A NEW YEAR’S honour is recognition for those caring for loved ones with dementia, a volunteer who has been awarded a British Empire Medal has said.
Dave Mynott has been recognised for his service in volunteering with the Wednesday Dementia Club that meets weekly at Pontypool Museum and provides a space for those with the condition, carers and ex carers to meet and socialise.
“It’s set up for the purpose of people who care for loved ones with dementia as dementia is probably more cruel to those looking after the people who are ill than to those who have dementia. You lose the person while they are still alive,” said Mr Mynott, of Abersychan.
A television advert, produced for the Alzheimer’s Society, that has been running over Christmas illustrates the toll taken on carers, said Mr Mynott.
“It shows what carers go through caring for a loved one, which can be terrible as they are not that person anymore and it’s not uncommon for people with dementia to get verbally violent, at least, and a number of people in the group have experienced that.
“What we do is primarily emotional support, there is some practical support, but we really have a lot of fun and I do silly things.”
The 76-year-old grandfather-of-five has been involved with the group since it was established around 14 years ago after a social worker established it and asked him to run it as a volunteer.
Mr Mynott had previously worked in mental health support for charity Hafal, in Newport and Torfaen, after swithcing from a career in finance in his 50s and had experience, with his ex-wife, of caring for her mother who had dementia.
At the weekly group meetings Mr Mynott organises games based on television game shows: “They are my version of Family Fortunes, Give Us A Clue and Would I Lie To You? I put them into teams so newer people to the group get to know each other. The group has been going for around 14 years and has never been cliquey.”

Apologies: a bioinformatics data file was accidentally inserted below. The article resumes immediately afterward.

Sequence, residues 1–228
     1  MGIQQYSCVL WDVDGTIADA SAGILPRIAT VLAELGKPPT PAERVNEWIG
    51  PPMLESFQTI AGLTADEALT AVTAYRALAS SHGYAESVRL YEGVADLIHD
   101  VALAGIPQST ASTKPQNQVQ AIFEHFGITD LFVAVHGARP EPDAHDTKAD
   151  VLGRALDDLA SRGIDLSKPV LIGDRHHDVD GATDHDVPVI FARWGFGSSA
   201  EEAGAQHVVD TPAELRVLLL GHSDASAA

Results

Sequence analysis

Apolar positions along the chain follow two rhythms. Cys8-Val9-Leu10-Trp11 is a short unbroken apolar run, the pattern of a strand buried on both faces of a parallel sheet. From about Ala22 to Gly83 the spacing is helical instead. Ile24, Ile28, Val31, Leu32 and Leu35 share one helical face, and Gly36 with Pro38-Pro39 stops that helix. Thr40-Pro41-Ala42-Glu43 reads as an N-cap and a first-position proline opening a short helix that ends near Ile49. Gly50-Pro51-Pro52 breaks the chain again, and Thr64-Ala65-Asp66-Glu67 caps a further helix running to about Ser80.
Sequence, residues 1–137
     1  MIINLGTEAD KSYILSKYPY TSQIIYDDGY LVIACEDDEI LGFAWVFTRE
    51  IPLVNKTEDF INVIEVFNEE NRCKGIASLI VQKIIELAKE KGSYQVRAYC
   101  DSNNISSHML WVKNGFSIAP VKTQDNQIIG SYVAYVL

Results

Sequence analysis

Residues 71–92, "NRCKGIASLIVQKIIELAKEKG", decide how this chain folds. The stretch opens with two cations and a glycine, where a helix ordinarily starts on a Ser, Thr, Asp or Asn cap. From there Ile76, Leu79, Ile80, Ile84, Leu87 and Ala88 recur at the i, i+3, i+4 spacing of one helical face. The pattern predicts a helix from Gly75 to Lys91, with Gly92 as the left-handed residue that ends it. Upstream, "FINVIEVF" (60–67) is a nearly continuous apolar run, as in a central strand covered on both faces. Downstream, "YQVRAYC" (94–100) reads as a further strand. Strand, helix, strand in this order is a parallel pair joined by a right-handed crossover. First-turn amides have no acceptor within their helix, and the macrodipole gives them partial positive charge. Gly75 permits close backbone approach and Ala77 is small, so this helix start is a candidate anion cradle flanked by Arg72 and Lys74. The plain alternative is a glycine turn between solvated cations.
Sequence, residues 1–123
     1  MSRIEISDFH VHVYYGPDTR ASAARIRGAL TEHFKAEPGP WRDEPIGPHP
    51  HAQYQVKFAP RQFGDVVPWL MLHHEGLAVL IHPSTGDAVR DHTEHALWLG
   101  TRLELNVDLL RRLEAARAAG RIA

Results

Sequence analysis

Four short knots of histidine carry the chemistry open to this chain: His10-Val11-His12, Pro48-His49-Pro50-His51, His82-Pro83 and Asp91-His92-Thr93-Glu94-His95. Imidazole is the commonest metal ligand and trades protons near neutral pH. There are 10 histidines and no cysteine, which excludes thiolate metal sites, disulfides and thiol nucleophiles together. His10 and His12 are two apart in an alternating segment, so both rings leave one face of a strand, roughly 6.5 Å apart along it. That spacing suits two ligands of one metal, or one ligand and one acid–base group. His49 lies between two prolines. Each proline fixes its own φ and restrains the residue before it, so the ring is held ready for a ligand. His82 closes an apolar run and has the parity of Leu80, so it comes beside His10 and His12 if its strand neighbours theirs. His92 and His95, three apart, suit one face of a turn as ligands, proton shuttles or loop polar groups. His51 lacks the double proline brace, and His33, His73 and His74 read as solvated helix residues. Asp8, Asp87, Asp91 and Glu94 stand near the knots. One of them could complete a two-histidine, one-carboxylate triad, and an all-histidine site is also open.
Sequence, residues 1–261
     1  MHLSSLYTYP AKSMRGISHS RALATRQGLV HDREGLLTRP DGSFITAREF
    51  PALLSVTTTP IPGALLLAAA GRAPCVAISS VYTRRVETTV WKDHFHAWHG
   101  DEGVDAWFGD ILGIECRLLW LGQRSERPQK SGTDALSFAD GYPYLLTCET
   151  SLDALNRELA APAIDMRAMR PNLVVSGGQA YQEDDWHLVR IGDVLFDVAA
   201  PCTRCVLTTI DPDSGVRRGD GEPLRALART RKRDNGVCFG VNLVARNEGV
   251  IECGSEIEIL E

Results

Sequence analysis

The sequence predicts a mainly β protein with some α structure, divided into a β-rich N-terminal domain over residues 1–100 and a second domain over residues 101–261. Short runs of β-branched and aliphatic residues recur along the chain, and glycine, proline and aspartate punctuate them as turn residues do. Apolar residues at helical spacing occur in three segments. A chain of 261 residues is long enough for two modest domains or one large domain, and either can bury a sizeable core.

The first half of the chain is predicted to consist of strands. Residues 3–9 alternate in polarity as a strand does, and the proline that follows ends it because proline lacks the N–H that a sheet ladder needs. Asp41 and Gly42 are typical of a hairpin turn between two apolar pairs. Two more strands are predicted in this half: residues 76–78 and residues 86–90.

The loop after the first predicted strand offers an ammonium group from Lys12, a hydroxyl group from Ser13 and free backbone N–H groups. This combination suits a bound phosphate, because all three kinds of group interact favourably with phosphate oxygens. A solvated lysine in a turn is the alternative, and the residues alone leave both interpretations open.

As well as Mr Mynott’s game shows the club organises entertainers such as singers once a month as “music and singing is really good for people with dementia.”
Mr Mynott said: “We have a lot of fun but we have to share the sadness too. We’ve had nine people die since Christmas last year and five in the group have had to go into care homes as the care the family could give wasn’t enough.”
Due to the club’s informal nature carers who’ve lost their loved ones can still attend and Mr Mynott described them as an “asset” as they pass on knowledge and experience to newer members.
When Mr Mynott learned he was in line for an honour, which “I’ve had to be very quiet about for over a month” he said he was at first unsure if he should accept it.
“I think I’m accepting it on behalf of the people who care for loved ones and if it heightens awareness of how hard it is to care for someone with dementia than that’s for the better.”